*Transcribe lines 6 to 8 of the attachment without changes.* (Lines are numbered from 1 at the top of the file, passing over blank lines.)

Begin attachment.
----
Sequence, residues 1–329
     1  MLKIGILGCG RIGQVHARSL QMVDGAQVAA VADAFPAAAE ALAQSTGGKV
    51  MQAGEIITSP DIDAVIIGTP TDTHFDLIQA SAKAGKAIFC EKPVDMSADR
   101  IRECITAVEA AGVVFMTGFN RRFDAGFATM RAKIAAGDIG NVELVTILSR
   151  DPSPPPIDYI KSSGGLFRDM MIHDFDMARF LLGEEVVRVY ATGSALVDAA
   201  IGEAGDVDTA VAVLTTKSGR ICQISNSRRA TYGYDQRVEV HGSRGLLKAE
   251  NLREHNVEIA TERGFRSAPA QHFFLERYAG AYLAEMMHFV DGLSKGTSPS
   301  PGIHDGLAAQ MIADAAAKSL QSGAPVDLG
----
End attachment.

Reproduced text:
   201  IGEAGDVDTA VAVLTTKSGR ICQISNSRRA TYGYDQRVEV HGSRGLLKAE
   251  NLREHNVEIA TERGFRSAPA QHFFLERYAG AYLAEMMHFV DGLSKGTSPS
   301  PGIHDGLAAQ MIADAAAKSL QSGAPVDLG